Jacmel Carnival Symbol of Haiti Self-Determination

When Carnival season begins in Haiti, the seaside city of Jacmel divides its celebration into two halves. In the daytime, some celebrants meander through the streets dressed up in colorful paper-mache outfits, while others cover their bodies in shiny, black paint and wield ropes as imitation whips. They are addressing Haiti's slave history and the subsequent slave revolt.

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Another roving group, the Chaloska, move through the streets in blood-red and black costumes, their faces decorated with over-sized lurid, red lips and monster fangs. They symbolize the 1915 bloody assault carried out on jailed political dissidents by the local police chief.

Yet another group carries a representative cholera patient with a white-painted face, who vomits (water) repeatedly. The nurses begin a noisy dialogue with the crowd, insistently asking them how to cure the problem.

When darkness fills the sky, all performers disappear, and semis bearing stereo amps creep down the main thoroughfare. A host of Haitians accompany them in a ritual dance of self-determination. Inching like a giant caterpillar forward, the dance is punctuated by mock fighting and aggression, with those behind shoving those in front. The person at the head of the line must avoid being catapulted forward. The whole of the dynamic movement represents Haiti's setbacks as a nation, and how it has bounced back and progressed forward.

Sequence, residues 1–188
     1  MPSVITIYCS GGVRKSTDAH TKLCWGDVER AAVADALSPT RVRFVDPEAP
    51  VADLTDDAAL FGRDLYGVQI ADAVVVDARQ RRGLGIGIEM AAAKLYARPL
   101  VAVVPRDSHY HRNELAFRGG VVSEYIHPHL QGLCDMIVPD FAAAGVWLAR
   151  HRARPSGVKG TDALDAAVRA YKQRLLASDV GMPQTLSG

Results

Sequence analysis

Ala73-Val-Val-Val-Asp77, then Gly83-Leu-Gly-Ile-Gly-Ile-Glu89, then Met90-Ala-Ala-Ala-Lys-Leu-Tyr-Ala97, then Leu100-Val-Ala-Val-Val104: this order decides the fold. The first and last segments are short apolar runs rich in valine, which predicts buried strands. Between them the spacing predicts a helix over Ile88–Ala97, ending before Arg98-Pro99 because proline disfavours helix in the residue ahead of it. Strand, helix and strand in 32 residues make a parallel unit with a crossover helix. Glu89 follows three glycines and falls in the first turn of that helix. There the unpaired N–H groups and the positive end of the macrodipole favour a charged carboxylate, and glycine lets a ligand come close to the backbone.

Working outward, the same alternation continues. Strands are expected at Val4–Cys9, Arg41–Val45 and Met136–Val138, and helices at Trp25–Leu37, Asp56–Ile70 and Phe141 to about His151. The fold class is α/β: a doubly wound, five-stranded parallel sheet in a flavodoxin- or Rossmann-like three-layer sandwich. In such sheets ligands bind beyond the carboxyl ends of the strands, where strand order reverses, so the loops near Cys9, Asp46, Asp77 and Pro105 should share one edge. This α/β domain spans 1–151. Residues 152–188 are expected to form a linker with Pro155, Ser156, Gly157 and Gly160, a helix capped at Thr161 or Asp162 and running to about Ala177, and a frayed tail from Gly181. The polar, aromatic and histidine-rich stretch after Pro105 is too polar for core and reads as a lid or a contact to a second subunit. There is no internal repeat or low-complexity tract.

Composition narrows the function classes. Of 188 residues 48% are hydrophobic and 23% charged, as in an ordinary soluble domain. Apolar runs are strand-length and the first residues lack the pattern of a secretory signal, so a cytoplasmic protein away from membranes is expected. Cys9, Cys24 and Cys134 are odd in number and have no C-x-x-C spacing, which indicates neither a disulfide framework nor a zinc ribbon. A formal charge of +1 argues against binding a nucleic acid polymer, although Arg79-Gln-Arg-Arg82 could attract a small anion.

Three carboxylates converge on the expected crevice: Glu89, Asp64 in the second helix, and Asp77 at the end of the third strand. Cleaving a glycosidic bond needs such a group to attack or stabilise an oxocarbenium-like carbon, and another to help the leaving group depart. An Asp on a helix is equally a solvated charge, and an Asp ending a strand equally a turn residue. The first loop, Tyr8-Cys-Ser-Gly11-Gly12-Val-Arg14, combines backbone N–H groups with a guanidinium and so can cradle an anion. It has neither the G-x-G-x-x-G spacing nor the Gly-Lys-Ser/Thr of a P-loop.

The scattered energies of the day metamorphose into the focused movement of the night dance, a reminder that Haiti will not be denied its place in history as the little engine that could.

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Read more: jacmel, carnival, Event, Paper-Mache, Chaloska, Entertainment

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